Johnny Ryall hits the Bitumen – Hard!

….And talks about the new album, bad band names, our shared love of Bobby Gillespie.. . .. . and a whole bunch of other shit with Kate and Simon from Bitumen.

Ever wanted to paint and draw? Because Bitumen do. They want to paint your world dark and draw you into an electronic, shoegaze-y industrial bliss that feels like it could become the soundtrack to the best nightmare you’ve ever had at any second. I seriously can’t get enough of this new album of theirs, their sophomore effort, Cleareye Shining, which I should mention is out now [as of the 26th November 2021] on Imprint Records, who clearly have good taste if they’re signing bands like Bitumen.

Bitumen are: Kate on vocals, Simon on bass and drum programming, Bryce on guitars and Sam on guitars and synth. They’re originally all from Hobart but one by one they made the pilgrimage to the greener pastures of Melbourne. They’re good people. I know this because I got on the phone with Kate and Simon for over an hour talking about our love of Primal Scream, The Birthday Party and so much other crap because I was drunk ….More on that later. For now you have to understand that if you like any genre on the darker or heavier or more electronic side of things you should check this out.

It’s just satisfying on so many levels…or layers. You can’t get away from the layers to these songs. The mix job is fantastic, giving room for every part to do it’s thing and blend perfectly. The album starts with their second single Paint and Draw, followed by Moving Now Now Now, which is my new favourite song right now now now. There’s 7 more songs after that one, making it 9 tracks in total on the album. There’s not a single wasted second, every track could become your favourite. The last one, Luxury Auto is another stand-out in my opinion. It starts with this minor second guitar motif that kicks in the suspense and tension, and the part relentlessly weaves in and out of the rest of the track; by the end you realise that it’s been going on the whole time and the only conclusion you can draw is that it was definitely the right thing for them to do. And as a closing track, it leaves you wanting more. Always good.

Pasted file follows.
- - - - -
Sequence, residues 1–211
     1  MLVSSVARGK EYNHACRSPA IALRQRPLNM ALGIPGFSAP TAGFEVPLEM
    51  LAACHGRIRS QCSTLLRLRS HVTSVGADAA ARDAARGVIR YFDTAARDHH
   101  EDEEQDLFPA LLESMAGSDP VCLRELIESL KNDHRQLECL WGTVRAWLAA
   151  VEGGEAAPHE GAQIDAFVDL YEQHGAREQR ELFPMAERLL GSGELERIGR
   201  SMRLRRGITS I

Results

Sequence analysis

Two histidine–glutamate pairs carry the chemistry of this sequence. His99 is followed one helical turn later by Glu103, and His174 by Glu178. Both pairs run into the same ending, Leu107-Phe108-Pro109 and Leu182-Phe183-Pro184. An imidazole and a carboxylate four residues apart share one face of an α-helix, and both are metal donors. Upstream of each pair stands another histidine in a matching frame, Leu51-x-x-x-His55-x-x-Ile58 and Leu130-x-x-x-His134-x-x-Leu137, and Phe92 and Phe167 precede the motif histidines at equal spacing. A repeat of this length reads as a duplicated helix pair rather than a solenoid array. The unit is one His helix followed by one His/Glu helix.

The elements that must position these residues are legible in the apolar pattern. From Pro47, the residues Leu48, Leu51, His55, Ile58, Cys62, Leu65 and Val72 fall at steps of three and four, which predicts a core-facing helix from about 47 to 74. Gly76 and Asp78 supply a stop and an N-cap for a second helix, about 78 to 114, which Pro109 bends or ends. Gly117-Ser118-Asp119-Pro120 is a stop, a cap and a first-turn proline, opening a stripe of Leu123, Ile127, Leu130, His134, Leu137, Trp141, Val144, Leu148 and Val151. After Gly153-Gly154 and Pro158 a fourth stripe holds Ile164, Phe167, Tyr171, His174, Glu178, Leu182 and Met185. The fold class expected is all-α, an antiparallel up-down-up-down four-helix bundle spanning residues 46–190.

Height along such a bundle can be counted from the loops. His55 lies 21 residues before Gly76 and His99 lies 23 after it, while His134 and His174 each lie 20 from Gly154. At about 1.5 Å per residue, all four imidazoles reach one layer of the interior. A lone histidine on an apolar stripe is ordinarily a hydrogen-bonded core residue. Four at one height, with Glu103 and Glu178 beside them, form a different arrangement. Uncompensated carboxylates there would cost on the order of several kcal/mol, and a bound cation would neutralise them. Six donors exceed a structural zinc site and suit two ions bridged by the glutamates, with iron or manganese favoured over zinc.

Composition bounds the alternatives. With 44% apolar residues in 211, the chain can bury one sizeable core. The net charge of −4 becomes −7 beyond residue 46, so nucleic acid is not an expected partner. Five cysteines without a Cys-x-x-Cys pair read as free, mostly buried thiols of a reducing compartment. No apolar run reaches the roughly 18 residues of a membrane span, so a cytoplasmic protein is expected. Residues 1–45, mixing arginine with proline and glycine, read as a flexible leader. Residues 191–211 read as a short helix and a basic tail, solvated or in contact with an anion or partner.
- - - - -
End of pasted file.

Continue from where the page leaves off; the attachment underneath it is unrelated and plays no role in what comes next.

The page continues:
So they’ve released two singles so far, and both have accompanying videos. Out of Athens was the first to drop, even before the album came out. It’s a great first single – it captures attention by simply being a banger of a tune. The video features Kate dancing in front of a flashy-starry backdrop while Sam laughs at her and she tries to keep a straight face and not trip over the microphone cable. Although you wouldn’t know about that if I hadn’t just told you – Sam’s off-screen. Being, um, supportive I guess? But their rationale for the video concept is totally on-point “The internet likes dancing girls”, as Kate tells me. She isn’t wrong, from my observations at least.

Paint and Draw is the second single, and the better song in my opinion. The band agree with me. “Drop the better single second” Kate says. This track is more complex than Out of Athens; starting with a pulsating bass line before kicking into gear with layers of guitars that build the verses to the most perfect of zeniths before crashing back down into the suspense and tension of the choruses. The video is great too. This one features Sam in the lead role, and there’s a bit of a story going on in this one, although I forgot to ask what it was all about because I was drunk. But it starts with Sam, who is sporting a very fancy leather jacket, loitering by a Telstra Payphone until he answers a call on it, 1980’s style. He tells the caller that he’s on his way. Right now. Then he jumps in the car and there’s ghost lady when he gets to what I assume is the place where he said he was on his way to. Sam seems like a bloke who knows when he’s in over his head, and he makes a bolt for it. I would have done the same. Ghost lady was asking some pretty personal questions for a ghost I’m assuming Sam has only just met. And she has an umbrella. Although how did she have his payphone number if they were strangers? It all raises more questions than it answers, so I have to go watch it again to try and make sense of it all. *watches video again* Nope, gonna have to keep trying. Let me know if you figure it out.